The Nagas

Hill Peoples of Northeast India

Project Introduction The Naga Database

published - 'Report of the Survey Operations in the Naga Hills 1875-1876' by Lt. R.G. Woodthorpe

caption: description of the Nagas of the Yangmun valley; hair styles; jhoom-houses
medium: tours
location: Yangnyu R. (Yangmun R.) Ukha (Okha) Tobu
person: Woodthorpe/ R.G.
date: 1875-1876
text: 43. It may be as well in this place to note a few characteristics of the dwellers in the valley of the Yangmun, as we did not come across them again.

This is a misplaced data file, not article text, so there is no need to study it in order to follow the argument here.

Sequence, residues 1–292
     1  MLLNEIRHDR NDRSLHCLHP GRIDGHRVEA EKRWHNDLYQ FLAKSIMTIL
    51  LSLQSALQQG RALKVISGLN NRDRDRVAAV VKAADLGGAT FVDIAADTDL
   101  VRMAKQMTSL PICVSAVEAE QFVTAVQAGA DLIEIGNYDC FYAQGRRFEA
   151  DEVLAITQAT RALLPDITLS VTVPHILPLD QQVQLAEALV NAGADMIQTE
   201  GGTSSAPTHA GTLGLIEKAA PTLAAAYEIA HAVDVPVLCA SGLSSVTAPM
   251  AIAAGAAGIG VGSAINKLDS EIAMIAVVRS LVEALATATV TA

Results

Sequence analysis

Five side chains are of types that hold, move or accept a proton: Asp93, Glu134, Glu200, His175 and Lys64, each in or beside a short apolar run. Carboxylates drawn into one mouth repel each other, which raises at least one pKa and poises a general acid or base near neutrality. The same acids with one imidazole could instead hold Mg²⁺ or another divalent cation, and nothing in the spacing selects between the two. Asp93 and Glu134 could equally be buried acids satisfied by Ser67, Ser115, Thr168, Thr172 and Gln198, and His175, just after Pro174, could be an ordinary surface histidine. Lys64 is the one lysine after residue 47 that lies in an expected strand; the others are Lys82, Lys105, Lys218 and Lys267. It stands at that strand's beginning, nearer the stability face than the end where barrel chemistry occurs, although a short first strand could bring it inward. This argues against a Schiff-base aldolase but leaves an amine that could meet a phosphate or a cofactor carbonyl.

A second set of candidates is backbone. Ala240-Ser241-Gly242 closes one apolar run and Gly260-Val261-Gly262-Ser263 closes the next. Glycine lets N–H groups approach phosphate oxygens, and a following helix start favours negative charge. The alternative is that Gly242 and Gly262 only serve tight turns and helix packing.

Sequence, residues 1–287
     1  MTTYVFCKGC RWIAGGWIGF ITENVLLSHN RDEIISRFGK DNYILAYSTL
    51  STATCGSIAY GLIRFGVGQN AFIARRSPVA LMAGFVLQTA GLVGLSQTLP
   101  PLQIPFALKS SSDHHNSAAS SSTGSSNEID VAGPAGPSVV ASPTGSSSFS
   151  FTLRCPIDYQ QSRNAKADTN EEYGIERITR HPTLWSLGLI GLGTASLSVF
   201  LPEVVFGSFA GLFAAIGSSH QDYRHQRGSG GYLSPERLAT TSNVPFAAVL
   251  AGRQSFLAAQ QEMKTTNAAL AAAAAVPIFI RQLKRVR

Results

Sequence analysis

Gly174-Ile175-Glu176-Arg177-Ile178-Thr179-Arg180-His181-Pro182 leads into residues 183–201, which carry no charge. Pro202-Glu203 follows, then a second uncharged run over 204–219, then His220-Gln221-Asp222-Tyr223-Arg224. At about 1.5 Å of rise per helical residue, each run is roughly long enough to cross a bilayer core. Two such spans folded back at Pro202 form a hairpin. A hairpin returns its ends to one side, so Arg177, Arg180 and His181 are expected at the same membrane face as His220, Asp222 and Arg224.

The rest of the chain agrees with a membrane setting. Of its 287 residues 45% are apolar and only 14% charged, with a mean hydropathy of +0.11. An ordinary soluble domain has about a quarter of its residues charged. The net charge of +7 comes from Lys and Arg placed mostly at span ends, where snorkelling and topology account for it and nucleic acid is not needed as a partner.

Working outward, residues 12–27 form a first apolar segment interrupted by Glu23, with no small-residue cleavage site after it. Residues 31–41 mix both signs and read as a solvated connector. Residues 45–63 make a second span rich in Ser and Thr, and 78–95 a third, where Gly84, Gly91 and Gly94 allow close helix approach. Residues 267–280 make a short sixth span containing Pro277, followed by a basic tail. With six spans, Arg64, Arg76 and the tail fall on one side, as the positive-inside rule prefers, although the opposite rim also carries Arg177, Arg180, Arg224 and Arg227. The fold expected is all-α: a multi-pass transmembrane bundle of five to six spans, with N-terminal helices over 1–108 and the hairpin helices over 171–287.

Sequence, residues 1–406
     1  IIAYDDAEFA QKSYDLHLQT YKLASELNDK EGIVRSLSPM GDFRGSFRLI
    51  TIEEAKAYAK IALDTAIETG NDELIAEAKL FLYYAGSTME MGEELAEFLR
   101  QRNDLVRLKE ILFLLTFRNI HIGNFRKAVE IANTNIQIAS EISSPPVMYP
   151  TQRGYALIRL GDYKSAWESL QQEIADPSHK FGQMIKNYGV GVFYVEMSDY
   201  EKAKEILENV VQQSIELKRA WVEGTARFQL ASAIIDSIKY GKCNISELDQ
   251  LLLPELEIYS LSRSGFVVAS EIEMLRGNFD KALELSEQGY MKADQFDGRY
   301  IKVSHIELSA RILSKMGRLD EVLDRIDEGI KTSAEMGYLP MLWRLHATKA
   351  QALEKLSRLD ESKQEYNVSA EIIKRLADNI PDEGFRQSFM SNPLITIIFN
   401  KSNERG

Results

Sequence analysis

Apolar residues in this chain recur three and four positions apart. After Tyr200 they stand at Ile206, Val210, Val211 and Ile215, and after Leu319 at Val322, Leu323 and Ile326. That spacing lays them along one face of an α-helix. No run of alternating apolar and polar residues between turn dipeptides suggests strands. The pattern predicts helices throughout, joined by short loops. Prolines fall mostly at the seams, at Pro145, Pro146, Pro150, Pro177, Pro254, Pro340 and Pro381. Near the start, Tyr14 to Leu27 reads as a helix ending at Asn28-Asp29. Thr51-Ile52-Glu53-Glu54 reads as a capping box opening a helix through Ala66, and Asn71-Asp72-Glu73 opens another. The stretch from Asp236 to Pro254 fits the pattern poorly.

text: 44. The men are very like those of Yaru, etc., fine, well-built, and in many cases handsome. Their dress and accoutrements are similar to those of their brethren farther east. Their hair is dressed in a similar manner to that of the naked Nagas, i.e., closely cut everywhere, except on the top of the head, a thick tuft falling over the forehead, another long tuft hanging behind from the crown, the latter is twisted up into a tail with a band of grass. There is very little, frequently no, tattooing among these men, till they approach the naked Nagas and adjoining tribes, when a little tattooing on the face and limbs is observable, increasing in amount as we go eastwards. The women in the Yangmun valley have a very peculiar mode of cutting their hair; it is kept so closely cut as only to leave a dark shade on the head; a narrow space on each side of the head is shaved perfectly clean from the temples to the crown. They wear very little clothing: a small belt of very fine leather thongs, to which in front are attached the upper corners of a long narrow slip of cloth, about 30 inches long and 6 broad; from this point it falls perfectly free and loosely round the loins and buttocks. The dead are placed on a maichan, raised about 4 feet and covered with a low roof, which gradually tapers out in front for about 20 or 30 feet. The jhoom-houses, of which they build in the fields nearly as many as they have in their villages, have their roofs tapered up for a considerable length, either at one end only or at both. These curious structures, dotting the bare hillsides, and standing out against the dark red soil, look at a distance exactly like huge crocodiles lying about. Another striking feature in the landscape is a curious erection seen near most villages, which is visible a very long way off. It looks at a distance like a large silver chevron turned upside down. It is made of split pieces of wood with the white face turned outwards, placed close together vertically and fastened to large curves of cane or bamboo, suspended between three trees; the whole length varies from 40 to 50 feet, and the average width is about 6 feet, widening to about 12 feet at the centre point. We could not arrive at the meaning of these erections; but they were always put up facing towards a village with which their builders were at war: there was no idea of fortification about them. At Okha and neighbouring villages very quaint designs were carved in slight relief on the planks forming the front walls and doors, the designs being further brought out by a judicious use of black, brownish red, yellow, and white pigments. The roads, though in some places steep, are good in all this part of the country, and at Tobu is a very fine stone viaduct in the middle of the village, about 50 feet in length and 20 feet in height, with a most scientific culvert through it. Outside the village, the approaches are rendered secure by planting small twisted boughs and trunks of trees along them at intervals, utterly preventing any sudden rush down them.